I was once asked, while sitting and reading with my service dog lying at my feet, how I had trained him to behave so well on an airplane.  The truth is, I hadn’t.  Not exactly, anyway.

The only way to prepare a dog for certain experiences is, well, to let him experience them.  Though I was told to take him to the airport and walk around, I might as well have taken him to Macy’s in order to prepare him to fly.  The airport, the mall, the hardware store or Macy’s, none of those places feel the way it feels to be on an airplane.  So I didn’t do any of those things.  Instead, what I did was take him to the movies.  At the movies, he was stuck in close proximity to strangers.  Many of them were eating and he couldn’t.  There was a lot of noise, the way there would be on a plane. He couldn’t leave until I got up to go, and, for a dog, it was dead boring.

But there was more.  Everything you do with your dog should prepare him for anything you might do.  The more he’s socialized, particularly when he’s young, the more he’s trained, particularly in a way that emphasizes the bond between you, the more he gets the chance to exercise both his body and his mind, the more he gets to explore, with you, new and different places, the more blase he becomes.  This, plus the fact that dogs can and do generalize, is the way to prepare a dog for plane travel or, say, going to a museum.

Is this only important for service dogs?  Surely not.  While Sky got to navigate the circular ramp of the Guggenheim yesterday and pet dogs would not be welcome to do that, a pet dog who is flexible, who adjusts to change, who can, for example, lie quietly next to your table at the outdoor cafe where you are having brunch with you mom for Mother’s Day, becomes an easier, more fun companion who will be welcomed in more places.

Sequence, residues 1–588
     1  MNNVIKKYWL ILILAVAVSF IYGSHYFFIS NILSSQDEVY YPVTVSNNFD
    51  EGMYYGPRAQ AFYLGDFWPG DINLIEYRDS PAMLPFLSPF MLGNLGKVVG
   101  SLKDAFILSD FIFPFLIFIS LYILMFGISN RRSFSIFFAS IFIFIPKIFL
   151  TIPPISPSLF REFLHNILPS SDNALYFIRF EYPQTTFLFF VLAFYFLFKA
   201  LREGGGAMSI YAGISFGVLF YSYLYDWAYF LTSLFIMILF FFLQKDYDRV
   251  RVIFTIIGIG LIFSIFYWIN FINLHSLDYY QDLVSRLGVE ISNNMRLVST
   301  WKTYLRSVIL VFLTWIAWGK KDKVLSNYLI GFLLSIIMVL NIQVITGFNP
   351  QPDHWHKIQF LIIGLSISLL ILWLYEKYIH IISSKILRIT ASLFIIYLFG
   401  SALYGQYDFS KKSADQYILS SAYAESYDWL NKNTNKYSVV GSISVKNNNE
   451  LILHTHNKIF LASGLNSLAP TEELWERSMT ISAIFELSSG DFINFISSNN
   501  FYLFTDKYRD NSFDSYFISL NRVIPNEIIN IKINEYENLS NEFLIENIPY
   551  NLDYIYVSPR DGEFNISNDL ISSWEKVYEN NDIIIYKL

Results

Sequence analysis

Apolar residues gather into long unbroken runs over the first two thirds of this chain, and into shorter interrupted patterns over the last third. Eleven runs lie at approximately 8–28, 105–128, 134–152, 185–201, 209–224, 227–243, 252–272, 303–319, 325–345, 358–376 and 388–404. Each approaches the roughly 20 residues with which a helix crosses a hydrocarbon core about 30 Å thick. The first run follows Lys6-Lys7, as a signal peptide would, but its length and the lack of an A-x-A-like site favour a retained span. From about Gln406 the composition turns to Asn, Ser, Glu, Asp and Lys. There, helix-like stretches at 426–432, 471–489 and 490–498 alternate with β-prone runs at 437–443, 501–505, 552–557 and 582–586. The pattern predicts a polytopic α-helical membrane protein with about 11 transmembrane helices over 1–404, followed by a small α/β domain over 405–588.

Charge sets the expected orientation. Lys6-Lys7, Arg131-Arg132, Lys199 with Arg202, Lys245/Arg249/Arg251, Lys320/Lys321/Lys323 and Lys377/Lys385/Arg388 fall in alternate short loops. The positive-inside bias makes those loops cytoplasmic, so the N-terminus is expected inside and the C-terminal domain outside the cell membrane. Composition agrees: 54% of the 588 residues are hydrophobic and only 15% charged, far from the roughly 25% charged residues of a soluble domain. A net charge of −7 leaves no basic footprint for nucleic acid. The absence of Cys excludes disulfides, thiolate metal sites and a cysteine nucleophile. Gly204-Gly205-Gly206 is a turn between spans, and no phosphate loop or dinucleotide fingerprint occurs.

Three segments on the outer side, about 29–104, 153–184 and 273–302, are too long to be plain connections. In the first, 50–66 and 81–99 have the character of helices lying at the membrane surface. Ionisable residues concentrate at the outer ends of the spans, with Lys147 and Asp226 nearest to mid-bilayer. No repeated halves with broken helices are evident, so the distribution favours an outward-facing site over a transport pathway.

You might decide to take your dog to nursing homes or hospitals to do pet-assisted therapy.  You might love to eat outside, even when it’s not Mother’s Day, now that the weather is warm.  Or you might just like to take your dog along when you go to the bank, the hardware store, the park.  With good manners, he’ll be welcomed everywhere you go.

Good manners shine, even when they are yours.  Planning a trip to the Guggenheim meant getting off the bus about two miles south and west of the museum and walking the dogs through Central Park to get there.  If you plan to dine alfresco and have your dog along, he’ll need more than an understanding that he should sit or lie down near your chair and not bark or whine or beg.  He’ll need some exercise beforehand and a nice walk afterwards, too.  If he needs to learn how to wait on line, the way city dogs do, start with a short-ish line and work your way up.  And yes, take him wherever dogs are allowed so that he begins to learn the canine equivilant of “an inside voice,” so that even the most active dog, see picture above, can contain herself when that’s the polite thing to do.

Start small and at home.  Teach your dog to lie near your chair when you have breakfast and work your way up to dinner.  When your dog barks inappropriately, call him to you and ask him to lie down, praising him for doing so.  Teach the command Back Up, great for helping him squeeze between tables in an outdoor cafe.  And help him to have the patience he will need by making sure he’s well exercised before he has to use his best manners.  A companion dog, like a service dog, can be a better companion with enough experience to generalize and understand that good manners are not just for holidays, they’re for every day.

Happy Mother’s Day, one and all.